Shouldn't Houston's Official Animal Be Gritty, Unstoppable & Annoying?
These are not the birds you might envision in a sculpture, but they are certainly very Houston.
Photo by Adam Baker
Sometimes we question the sanity of certain members of City Council. A few weeks back, we told you about how they were holding up payment to a local artist for a sculpture he was creating for the lobby of the George R. Brown Convention Center because it didn't fit the city's marketing plan...or something. Poor Ed Wilson probably wished he had never submitted the bid for the project in the first place.
Fortunately, the city did finally green-light paying the man, but it got us to thinking. Maybe the problem was that Wilson was using the wrong animals. Frankly, despite the lovely design of the statue, we have to admit to finding the types of birds a little suspect. They appear far too graceful and beautiful for a city that isn't exactly known for its soaring beauty. So, maybe for his next project, he might consider some of these animals, instead, that cut a little closer to the character of the city.
We have nothing against birds. We love them. In fact, Galveston is one of the hottest bird-watching destinations in the country. But, in Houston, it's less about graceful ocean birds than it is the cackling grackles that cover power lines and inhabit urban trees (see photo above), occasionally taking on the form of a menacing, Hitchcock-ian horde perched to take out screaming throngs of people just trying to get from work to the car. Now THAT is a sculpture idea.
Sweet Charlie was a feral cat in the Heights.
Photo by Jeff Balke
Houston Texans vs. Cleveland Browns
TicketsSun., Oct. 15, 12:00pm
TicketsSat., Oct. 21, 7:00pm
Houston Texans vs. Indianapolis Colts
TicketsSun., Nov. 5, 12:00pm
Houston Texans vs. Arizona Cardinals
TicketsSun., Nov. 19, 12:00pm
Houston Texans vs. San Francisco 49ers
TicketsSun., Dec. 10, 12:00pm
7. Feral Cats
Let's be honest, anyone who lives in an inner-city neighborhood sees them and probably feeds them. There are entire programs dedicated to catch and release of feral cats for the purpose of spaying and neutering. We like to imagine them as a miniature society of furry Houstonians with their own rules and hierarchy. At the very least, they kill off the rats.
They've occasionally been spotted in area bayous and can be downright terrifying around Clear Lake and in Brazos Bend State Park, but these prehistoric reptiles would also make an amazing sculpture, hopefully with their mouths agape and terrified parents scooping up their children and small pets running for their lives. We may have a terror art fetish.
Once, many years ago, we decided to feed a squirrel on the University of Houston campus. Before we realized it, we were surrounded by an ever-growing pack of hungry rodents hell-bent on domination and peanut butter crackers — all we had at the time. We threw our remaining bounty to the ground and made a break for it. Luckily, we survived to tell the tale with only our dignity damaged. With so many of these cute but ferocious little critters running around, it only makes sense to memorialize them in statue form.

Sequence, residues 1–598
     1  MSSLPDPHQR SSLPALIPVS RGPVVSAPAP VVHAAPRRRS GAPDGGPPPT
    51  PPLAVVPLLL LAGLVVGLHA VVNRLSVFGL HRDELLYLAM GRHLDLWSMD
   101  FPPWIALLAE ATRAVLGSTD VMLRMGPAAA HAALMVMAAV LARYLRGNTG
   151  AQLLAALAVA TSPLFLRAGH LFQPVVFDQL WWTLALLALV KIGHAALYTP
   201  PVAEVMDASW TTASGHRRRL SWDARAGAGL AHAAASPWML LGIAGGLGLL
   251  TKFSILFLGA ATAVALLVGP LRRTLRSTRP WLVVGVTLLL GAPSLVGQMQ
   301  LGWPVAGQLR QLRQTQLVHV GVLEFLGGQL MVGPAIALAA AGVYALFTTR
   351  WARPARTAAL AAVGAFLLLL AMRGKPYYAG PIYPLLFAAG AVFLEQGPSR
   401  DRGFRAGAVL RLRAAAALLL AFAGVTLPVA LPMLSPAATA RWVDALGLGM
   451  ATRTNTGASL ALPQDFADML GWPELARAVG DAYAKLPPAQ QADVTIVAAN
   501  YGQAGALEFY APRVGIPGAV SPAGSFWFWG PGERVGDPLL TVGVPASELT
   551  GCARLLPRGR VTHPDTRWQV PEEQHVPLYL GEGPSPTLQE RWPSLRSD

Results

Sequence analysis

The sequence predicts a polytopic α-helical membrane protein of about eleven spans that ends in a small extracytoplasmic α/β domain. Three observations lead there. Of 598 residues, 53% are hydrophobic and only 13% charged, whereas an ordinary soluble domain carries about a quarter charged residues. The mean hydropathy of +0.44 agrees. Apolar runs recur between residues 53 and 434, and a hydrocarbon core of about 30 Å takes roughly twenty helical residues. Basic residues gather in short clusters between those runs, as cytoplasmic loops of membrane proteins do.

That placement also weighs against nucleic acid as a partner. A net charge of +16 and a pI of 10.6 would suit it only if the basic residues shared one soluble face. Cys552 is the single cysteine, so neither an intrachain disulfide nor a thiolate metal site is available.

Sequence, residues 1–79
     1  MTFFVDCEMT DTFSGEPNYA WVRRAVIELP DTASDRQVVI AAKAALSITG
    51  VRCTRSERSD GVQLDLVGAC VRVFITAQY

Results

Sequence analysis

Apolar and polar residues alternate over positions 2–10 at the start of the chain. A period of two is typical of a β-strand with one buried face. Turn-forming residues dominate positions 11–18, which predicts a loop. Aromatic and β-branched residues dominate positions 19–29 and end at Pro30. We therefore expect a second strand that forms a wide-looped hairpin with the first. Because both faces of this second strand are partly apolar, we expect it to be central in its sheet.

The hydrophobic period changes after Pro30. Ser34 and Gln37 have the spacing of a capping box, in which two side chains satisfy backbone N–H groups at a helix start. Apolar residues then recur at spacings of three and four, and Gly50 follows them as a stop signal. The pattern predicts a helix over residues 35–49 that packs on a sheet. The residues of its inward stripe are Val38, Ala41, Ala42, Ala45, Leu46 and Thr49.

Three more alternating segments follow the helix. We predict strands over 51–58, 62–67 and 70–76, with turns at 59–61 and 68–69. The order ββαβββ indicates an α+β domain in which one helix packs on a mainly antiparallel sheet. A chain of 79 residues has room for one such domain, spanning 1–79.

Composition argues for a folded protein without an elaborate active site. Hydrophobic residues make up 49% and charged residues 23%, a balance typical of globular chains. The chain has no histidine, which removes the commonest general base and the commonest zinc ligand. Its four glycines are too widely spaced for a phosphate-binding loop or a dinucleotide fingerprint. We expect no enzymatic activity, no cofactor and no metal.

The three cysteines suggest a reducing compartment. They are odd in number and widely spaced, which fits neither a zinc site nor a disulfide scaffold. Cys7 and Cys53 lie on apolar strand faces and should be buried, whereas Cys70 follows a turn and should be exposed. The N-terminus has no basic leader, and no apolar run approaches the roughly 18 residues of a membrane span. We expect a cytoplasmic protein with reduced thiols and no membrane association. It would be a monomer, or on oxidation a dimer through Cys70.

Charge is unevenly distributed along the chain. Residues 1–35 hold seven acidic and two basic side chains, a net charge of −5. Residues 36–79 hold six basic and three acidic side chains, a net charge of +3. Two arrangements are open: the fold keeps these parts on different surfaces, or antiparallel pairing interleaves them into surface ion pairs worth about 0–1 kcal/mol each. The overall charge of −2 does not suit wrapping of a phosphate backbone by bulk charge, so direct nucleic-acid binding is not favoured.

The face of a killer or a dog about to eat this sofa...you decide.
Photo by Jeff Balke
4. Rescued Pit Bulls
You see them, the friendly couple in the park trying desperately to hold onto their new shelter pup, who is dragging them across fields and down walking paths with reckless abandon. Across from them, scared parents are yanking their children from what they imagine to be harm's way and giving extremely wide berth to these demons. These are the rescue pit bulls. They are more likely to lick than bite your face off, but so many have heard the stories that they live in fear. All but the daring rescuers who never realized how many times one dog could destroy a sofa in a six-month period.
If you are unfamiliar with these water rats, imagine those cuddly otters floating on their backs, babies lying on their mamas' bellies. Cute, right? Now, picture their dirty, recently paroled cousins with neck tattoos and a penchant for lighting things on fire. Naturally, those are the nutria that call Houston home. You think you see something cute in the lake at Hermann Park, then you realize it's smoking a cigarette and winking at your daughter.
We have so many of these and they are so nasty, it's almost as if, collectively, they are one giant organism, which sounds like a horror film until you go outside in August without at least three coats of DEET covering every square inch of bare flesh. And don't even get us started about all the diseases they carry. Sure, you're more likely to catch swine flu from French-kissing a pig, but it won't stop us from employing all manner of defense against these Satan spawn.
In our lives, we have known many people who, despite the fact they don't bite or really do any serious harm to humans, are deathly afraid of roaches — in the case of Houston, it's more likely the flying palmetto bug that has people jumpy. They are big, they fly at your head and they make an extremely creepy sound if all is quiet enough in your house to hear the scratch scurrying. To be honest, it might be more appropriate to just make a sculpture of an exterminator.